This is one of those gems you would like to have and to keep permanently. This is the kind of book that is timeless and will be enjoyed by your children and their children after.

[...]

This is the story of Piscine Molitor Patel. The young Indian boy enforced his name as Pi after getting tired of being called Pissing.

This account of a boy, cast out at sea after the ship which was meant to transport his family and their animals from Pondicherry to Canada sank; is a story not just of survival, but of faith and of love, particularly for life itself, and animals. I have learned much more about human relationships with creatures from the animal kingdom from this book than from any of the National Geographic or Discovery Channel programs I have watched
More here: Life Is Great, Book Review: Yann Martel's Life of Pi.

graceshu  # 10:31 AM
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When Do You Read? 
I took the lead from eyeris in this entry.
Anyway, listed here are the occasions where I manage to get the most reading done - in order of frequency and number of books finished while in that particular situation:

1) Waiting in the bank/restaurant/post office/LRT station/mechanic etc...
2) While on the LRT (much more productive than just staring into space like most commuters do)
3) Sitting on the toilet (For decency's sake, I shall not elaborate further)
4) When stuck in snail-paced traffic jams (kids, don't try this at home)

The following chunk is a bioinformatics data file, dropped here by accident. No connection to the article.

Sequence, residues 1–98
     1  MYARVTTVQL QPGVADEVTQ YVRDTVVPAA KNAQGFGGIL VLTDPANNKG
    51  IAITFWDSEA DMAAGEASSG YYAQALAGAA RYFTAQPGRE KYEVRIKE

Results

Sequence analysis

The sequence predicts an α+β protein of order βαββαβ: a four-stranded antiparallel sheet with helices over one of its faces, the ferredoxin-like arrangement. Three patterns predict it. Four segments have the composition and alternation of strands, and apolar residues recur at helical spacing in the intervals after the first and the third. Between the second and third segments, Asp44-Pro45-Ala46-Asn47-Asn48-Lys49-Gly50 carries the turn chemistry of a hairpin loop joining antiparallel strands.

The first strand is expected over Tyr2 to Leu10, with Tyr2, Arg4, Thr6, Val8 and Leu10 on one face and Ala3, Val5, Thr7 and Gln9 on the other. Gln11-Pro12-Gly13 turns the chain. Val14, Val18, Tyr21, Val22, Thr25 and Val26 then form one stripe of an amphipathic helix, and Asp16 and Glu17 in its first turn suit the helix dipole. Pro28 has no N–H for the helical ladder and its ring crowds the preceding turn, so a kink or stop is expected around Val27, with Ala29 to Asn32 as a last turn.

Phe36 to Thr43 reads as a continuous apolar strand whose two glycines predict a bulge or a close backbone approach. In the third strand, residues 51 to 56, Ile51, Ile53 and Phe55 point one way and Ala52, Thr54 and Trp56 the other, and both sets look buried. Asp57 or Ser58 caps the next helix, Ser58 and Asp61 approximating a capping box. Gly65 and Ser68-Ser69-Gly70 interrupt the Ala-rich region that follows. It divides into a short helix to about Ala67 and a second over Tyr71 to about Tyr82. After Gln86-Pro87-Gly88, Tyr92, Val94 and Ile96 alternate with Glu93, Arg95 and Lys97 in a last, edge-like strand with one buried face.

5) While 'lepaking' in coffee joints or eating dinner(instead of just sitting down and eating, I READ while eating, especially when I'm alone. Makes for quite a number of coffee and curry stains on my books though)
6) Dedicated book-reading marathons into the wee hours of the night (usually conducted when I absolutely HAVE to finish a book or I wouldn't be able to sleep)
As for me, leisurely reading is usually conducted during lunch hours or between errands, or during working hours [shhh]. I do however leave the occasional book inside my tote when I head out to pretentious coffee places when my inner sophistikashyun cries out [Cries out!]; or when I stop by at parks while I sneak glances at passing joggers ["As we approached Adumpur, I began to..." Whoa! look at those calves!].

Having coffee while reading isn't exactly a pleasant experience though. It sometimes makes me extremely jittery [I always have more caffeine in my system than I can handle], and I am not able to concentrate. I usually end up making faces at random kids [;D!! D;!! ^_^!! -_-!! etc.], watching people [flicking cigarette ash artfully] or talking to strangers [Hi[gh]. Theres a fly in your trousers, sir.].

I usually go for hot tea, with a slice of something to go with it. Or just leave my digestive system alone, channelling the much needed blood flow to my poor unisel brain instead. :(

However, most of my reading is done in the comfort of my own home. Usually by my bedroom window or beside the french windows, I prefer natural light :)

Bookstores are rather impersonal, crowded, and cold, but my discomfort usually fades away as I get to them beautiful and orgasmik plots. It is also relatively inexpensive [free! heh] to read in bookstores. I usually head out to shopping malls a couple of hours earlier to grab my movie ticket, then browse at the bookstores, get a book, sit down and read until its time for popcorn fun.

I've also read in the tub, read in the rain, up a tree, sprawled on the grass, by the beach, on a hill, in hospital wards, in hospital bathrooms, read into the sunset, inside empty cupboards [don't ask], and when I was much younger and engrossed with various Enid Blytons / Nancy Drews / etc. - while walking to the nearby grocery store.

What about you - when / where do you read?

graceshu  # 9:13 AM